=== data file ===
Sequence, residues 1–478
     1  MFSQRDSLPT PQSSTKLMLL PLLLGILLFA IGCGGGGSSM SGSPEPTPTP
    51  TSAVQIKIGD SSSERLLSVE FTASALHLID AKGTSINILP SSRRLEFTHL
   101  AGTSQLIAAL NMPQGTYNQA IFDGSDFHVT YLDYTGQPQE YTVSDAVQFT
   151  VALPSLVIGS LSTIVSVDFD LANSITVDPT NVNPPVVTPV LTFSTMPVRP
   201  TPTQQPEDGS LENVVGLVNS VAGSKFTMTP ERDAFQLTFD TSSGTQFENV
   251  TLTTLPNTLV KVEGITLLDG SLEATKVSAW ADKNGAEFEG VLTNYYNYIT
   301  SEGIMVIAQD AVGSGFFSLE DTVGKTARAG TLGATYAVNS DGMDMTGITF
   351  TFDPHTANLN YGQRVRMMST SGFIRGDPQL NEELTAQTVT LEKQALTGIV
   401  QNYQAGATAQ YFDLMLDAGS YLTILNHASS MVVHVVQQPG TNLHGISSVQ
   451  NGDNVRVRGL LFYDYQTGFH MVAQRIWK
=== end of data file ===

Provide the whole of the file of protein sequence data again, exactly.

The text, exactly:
Sequence, residues 1–478
     1  MFSQRDSLPT PQSSTKLMLL PLLLGILLFA IGCGGGGSSM SGSPEPTPTP
    51  TSAVQIKIGD SSSERLLSVE FTASALHLID AKGTSINILP SSRRLEFTHL
   101  AGTSQLIAAL NMPQGTYNQA IFDGSDFHVT YLDYTGQPQE YTVSDAVQFT
   151  VALPSLVIGS LSTIVSVDFD LANSITVDPT NVNPPVVTPV LTFSTMPVRP
   201  TPTQQPEDGS LENVVGLVNS VAGSKFTMTP ERDAFQLTFD TSSGTQFENV
   251  TLTTLPNTLV KVEGITLLDG SLEATKVSAW ADKNGAEFEG VLTNYYNYIT
   301  SEGIMVIAQD AVGSGFFSLE DTVGKTARAG TLGATYAVNS DGMDMTGITF
   351  TFDPHTANLN YGQRVRMMST SGFIRGDPQL NEELTAQTVT LEKQALTGIV
   401  QNYQAGATAQ YFDLMLDAGS YLTILNHASS MVVHVVQQPG TNLHGISSVQ
   451  NGDNVRVRGL LFYDYQTGFH MVAQRIWK